Evergreen used to do it that way, saw the Evertrust in Kaoshiung years ago.
That’s closer to what I had in mind, except it should be a commercial ship with training functions, not a training ship with a token amount of commerce.
Hapag Lloyd has this approach on their large German flag ships. Carry something on the order of 12+ cadets and a focus on training.
Maersk Cadet training program:
Island Offshore offer Cadet places on their ships under Norwegian and foreign flags:
They may also consider non-Norwegians, subject to requirements.
In Norway there is also a Training ship where the students actually live, train and study on board for the full school year (10 months) They offer the full packet of STCW’10 training (Operational and Administrative) during the 2 years on board:
The main difference from ordinary shore based schools is that the students do chores, stand watches, participate in day-to-day operation and maintenance, as well as regular drills like on any other vessels.
The courses are free but they are charged NOK 6500/mth. (USD 800) for bed and board, which may be covered in full or in part by grants and cheap loans through a Government system.
The Navy knows how to train officers and sailors. The system as a whole, for whatever reason, just failed to do it.
Old men have been saying this for hundreds if not thousand of years, but: “the kids these days.”
I do however think there is something to that old adage. It may not necessarily be something good or bad, but the typical trainees of today are “different” than they were yesterday. Some of them are very “different.” Maybe they need a “different” kind of training, or maybe they are getting training that is already too “different.”
From what I’ve read, the Navy is only having problems with the surface fleet, not on the sub or air side. Also the Surface Warfare Officer School was closed and was replaced by giving new officers a CD set to study.
If it was due to a change in the character of recruits it would be across the board.
I have always heard that aviation and submarines are very selective. Don’t they have higher education requirements and rigorous selection exams? I’ve heard that submarines have enhanced psychological screening as well.
I certainly hope that the “Joe Average” recruits are not being assigned to nuclear submarines.
Yes, good point, but from reading I get the impression that the surface fleet was sort of neglected red-headed stepchild. Also there was in fact a huge cutback in training, increase in tempo. Something was bound to break.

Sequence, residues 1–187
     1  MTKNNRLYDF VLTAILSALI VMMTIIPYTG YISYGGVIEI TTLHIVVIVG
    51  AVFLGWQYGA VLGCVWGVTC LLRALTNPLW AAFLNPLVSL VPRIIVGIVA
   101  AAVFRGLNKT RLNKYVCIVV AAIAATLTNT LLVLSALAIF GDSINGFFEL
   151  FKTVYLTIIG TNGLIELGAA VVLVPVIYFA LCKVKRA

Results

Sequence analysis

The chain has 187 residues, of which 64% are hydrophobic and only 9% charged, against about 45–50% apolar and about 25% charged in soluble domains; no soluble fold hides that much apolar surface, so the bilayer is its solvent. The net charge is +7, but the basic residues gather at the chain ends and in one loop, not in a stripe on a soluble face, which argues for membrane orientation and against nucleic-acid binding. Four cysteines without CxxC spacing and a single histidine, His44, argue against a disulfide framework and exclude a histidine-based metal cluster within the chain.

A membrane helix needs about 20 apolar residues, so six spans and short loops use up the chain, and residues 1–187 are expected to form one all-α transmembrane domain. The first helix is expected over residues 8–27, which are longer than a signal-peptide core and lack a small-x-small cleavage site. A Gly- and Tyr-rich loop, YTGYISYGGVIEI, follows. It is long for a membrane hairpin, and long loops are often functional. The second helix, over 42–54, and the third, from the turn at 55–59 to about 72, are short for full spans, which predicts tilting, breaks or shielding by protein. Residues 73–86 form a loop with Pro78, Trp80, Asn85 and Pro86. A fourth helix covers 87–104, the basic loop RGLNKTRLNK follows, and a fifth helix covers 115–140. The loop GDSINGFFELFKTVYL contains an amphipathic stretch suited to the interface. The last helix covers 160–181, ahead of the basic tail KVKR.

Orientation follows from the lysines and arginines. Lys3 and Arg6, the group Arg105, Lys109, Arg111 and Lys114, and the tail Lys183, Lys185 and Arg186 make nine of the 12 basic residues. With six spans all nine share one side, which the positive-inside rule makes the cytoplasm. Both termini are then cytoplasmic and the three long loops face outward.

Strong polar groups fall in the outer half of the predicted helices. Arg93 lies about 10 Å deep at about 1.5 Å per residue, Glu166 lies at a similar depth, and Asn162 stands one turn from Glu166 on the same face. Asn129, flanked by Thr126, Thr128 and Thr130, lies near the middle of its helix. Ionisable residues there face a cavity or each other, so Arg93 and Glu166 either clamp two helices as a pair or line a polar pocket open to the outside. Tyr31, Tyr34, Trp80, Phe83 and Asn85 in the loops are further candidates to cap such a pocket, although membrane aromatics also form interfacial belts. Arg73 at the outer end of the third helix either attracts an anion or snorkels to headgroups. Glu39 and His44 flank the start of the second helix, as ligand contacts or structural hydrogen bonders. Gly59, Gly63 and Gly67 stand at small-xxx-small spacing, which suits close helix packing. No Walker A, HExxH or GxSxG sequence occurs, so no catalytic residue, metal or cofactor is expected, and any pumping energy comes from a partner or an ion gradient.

In any case the Navy is, from what I’ve seen, really good at training.
Is there a better pub around than the Navy’s towing manual?
RE: USNI News article of 10 May
OMFG!!! I just cannot believe it!! As a radarman in the CIC of FRAM destroyers during Vietnam in 1971 & 1972 running gun strikes against North Vietnam, and chasing Aircraft Carriers all around YANKEE STATION, and guarding the gunless cruisers (RED CROWN) an PIRAZ, and having just retired after 23 years in the US merchant fleet as a deck officer, including Master and mostly in the Pacific, I am besides myself with disgust and anger.
The article mentions two radars, the SPS-73 (apparently located on the bridge, and not sharing display in CIC, and the SPS-67 (is this only a CIC radar?). When I read that the SPS-73 had over 200 contacts on it, my first thought was, “turn the fucking range scale down. Deal with the ‘most dangerous contact’, not the entire radar picture”.
When the article mentioned the SPS-67 was on the “long pulse” and couldn’t be adjusted from CIC. “Whiskey Tango Foxtrot”!! What the hell is going on with a weapon system that one cannot adjust the radar from CIC-both pulse width and tuning?
Those old FRAM destroyers had the classic (and analog) SPS-10 surface search radar, and we could change the pulse width as needed for conditions. Range was infinitely variable on the PPI scope (SPA-25 as I recall). To have a radar incapable of being adjusted by the operator is just preposterous. As a radarman, we were EXPECTED to be able to tune the radar for optimum detection - calling on the electronic technician to “fix what we broke”. LOL